But Parker wants them to stay and help him recover the loot. If anybody leaves, and the money is recovered, he forfeits his share. And if the ones who stay are caught, as one of them points out, there’s a good chance the cops will learn the identities of the ones that fled. Whatever they do, they have to do it together. And together, they opt to stay and look for this guy.
And this is a very stupid thing to do, and they all know it, and Parker most of all. And yet not only is he not running, he actually braced the police detective in charge of investigating Ellie’s murder, one William Dougherty, in his own home, and made veiled threats against his family–just to get the list of people the cops are looking at for the killing. Which Dougherty, no fool (and no coward either) handed over in exchange for Parker telling him what he knows about Ellie’s murder–but now, feeling somehow humiliated by the way Parker used his vulnerability as a family man against him, is out to get Parker (and doesn’t give a damn that he didn’t kill Ellie).
And this is the enduring puzzle of the book. Why is Parker so intent on finding this amateur, whose name and face he doesn’t know, who could be anywhere, anyone? Yes, the money, which he certainly needs after losing almost everything during the events of The Jugger. But it’s not that much, and he can always find another job. The risks of staying seem to greatly outweigh the potential rewards. The smart thing to do is run, and he knows this. He also knows that the seven of them looking for the cash are bound to attract more attention from the law than just him looking for the guy who is trying to kill him.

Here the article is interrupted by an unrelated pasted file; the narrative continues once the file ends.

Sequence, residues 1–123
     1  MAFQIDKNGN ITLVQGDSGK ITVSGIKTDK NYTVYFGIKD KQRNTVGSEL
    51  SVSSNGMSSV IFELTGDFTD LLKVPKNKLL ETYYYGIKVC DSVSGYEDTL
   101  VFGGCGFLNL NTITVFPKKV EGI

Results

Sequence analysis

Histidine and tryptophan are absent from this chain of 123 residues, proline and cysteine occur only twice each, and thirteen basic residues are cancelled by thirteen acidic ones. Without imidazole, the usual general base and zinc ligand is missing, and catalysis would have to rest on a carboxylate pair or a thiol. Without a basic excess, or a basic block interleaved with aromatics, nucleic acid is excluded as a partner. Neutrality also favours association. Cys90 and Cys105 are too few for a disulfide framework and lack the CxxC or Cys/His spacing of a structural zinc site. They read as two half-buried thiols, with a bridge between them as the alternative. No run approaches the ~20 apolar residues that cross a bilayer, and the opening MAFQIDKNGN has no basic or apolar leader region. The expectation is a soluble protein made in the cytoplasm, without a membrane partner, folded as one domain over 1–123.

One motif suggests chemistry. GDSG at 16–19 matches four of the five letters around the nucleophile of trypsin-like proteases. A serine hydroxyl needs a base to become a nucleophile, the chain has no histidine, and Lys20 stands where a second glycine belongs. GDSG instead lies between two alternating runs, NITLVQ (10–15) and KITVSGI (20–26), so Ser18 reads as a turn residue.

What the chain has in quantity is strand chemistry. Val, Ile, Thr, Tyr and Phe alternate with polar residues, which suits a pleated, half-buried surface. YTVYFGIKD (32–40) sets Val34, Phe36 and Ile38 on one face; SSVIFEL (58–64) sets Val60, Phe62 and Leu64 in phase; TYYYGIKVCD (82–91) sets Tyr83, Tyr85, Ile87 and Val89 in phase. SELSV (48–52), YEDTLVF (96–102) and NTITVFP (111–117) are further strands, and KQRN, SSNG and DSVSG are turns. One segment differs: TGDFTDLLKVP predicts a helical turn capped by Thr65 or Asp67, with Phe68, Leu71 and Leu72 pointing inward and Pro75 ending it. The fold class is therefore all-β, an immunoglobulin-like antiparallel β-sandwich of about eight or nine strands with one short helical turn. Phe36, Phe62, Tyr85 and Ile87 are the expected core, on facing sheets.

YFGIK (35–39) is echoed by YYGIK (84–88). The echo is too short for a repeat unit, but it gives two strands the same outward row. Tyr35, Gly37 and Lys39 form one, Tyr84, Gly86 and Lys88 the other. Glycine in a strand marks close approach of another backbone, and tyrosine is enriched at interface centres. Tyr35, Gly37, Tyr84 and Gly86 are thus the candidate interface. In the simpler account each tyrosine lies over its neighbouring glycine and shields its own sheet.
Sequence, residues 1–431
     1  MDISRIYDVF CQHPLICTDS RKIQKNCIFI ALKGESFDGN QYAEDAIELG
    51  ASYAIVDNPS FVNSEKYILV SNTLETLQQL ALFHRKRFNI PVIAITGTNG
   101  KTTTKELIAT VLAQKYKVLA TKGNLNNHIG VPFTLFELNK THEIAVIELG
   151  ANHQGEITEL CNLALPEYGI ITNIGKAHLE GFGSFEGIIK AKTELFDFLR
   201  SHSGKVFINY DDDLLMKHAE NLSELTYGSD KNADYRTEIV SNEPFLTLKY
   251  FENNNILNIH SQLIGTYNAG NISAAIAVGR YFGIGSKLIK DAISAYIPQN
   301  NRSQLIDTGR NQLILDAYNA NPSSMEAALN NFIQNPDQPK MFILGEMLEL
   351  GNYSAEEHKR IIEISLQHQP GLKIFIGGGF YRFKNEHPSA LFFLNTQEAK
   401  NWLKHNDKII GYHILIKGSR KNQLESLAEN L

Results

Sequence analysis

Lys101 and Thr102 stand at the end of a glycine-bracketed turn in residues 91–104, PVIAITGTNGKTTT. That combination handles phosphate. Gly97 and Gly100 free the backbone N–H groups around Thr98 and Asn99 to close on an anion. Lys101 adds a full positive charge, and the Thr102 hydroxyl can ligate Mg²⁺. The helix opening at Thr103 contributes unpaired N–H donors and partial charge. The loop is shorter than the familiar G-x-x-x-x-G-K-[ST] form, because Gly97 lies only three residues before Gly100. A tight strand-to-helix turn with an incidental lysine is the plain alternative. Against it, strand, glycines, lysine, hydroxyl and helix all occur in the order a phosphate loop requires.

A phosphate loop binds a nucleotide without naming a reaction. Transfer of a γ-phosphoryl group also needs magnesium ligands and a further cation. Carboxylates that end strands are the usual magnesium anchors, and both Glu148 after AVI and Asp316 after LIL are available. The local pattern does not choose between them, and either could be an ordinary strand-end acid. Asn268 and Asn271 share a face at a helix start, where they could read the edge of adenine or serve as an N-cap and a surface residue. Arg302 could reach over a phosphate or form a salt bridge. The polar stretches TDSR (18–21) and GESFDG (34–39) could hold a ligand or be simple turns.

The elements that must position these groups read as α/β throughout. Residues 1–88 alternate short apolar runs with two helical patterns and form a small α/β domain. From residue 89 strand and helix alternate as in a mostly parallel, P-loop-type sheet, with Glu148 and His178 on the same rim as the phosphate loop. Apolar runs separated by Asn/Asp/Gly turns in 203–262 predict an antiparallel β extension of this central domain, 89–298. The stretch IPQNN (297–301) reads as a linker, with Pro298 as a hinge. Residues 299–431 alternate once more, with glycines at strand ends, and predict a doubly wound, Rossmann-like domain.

But Parker was aggravated. Somewhere in this dirty city there was a guy who had stolen two suitcases full of money from Parker. And shot at Parker twice. And killed the girl Parker was living with. And tried to set Parker up to take the fall.
What he wanted now was the appearance of logic and good sense. If the other six stayed active in this thing, then it was a simple sensible matter of getting the group’s money back. But if they all quit, Parker knew he himself wouldn’t quit, and he’d be going after the guy instead of the money.
He didn’t like to catch himself doing things that weren’t sensible, and that just aggravated him all the more.
Parker’s behavior here is arguably even more irrational than in The Jugger–the book Westlake frequently described as a failure, because he felt he hadn’t managed to explain Parker’s motivation for taking all the risks he did in that story. But here, in this passage, I think Westlake felt like he’d pulled it off–and he did. This is the Parker we remember from The Hunter–all his buttons have been pushed at the same time. Somebody stole from him, somebody tried to kill him and was obviously going to keep trying, somebody killed a woman he was actively involved with at the peak of his cyclical mating cycle (in a manner that bothers him more than he wants to admit), and that same somebody tried to get him taken or killed by the law.